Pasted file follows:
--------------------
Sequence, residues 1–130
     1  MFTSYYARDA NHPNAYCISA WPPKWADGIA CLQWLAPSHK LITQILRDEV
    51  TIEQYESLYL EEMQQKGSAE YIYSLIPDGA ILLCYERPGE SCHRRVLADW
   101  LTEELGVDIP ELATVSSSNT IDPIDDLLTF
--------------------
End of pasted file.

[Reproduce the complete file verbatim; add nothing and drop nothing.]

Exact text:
Sequence, residues 1–130
     1  MFTSYYARDA NHPNAYCISA WPPKWADGIA CLQWLAPSHK LITQILRDEV
    51  TIEQYESLYL EEMQQKGSAE YIYSLIPDGA ILLCYERPGE SCHRRVLADW
   101  LTEELGVDIP ELATVSSSNT IDPIDDLLTF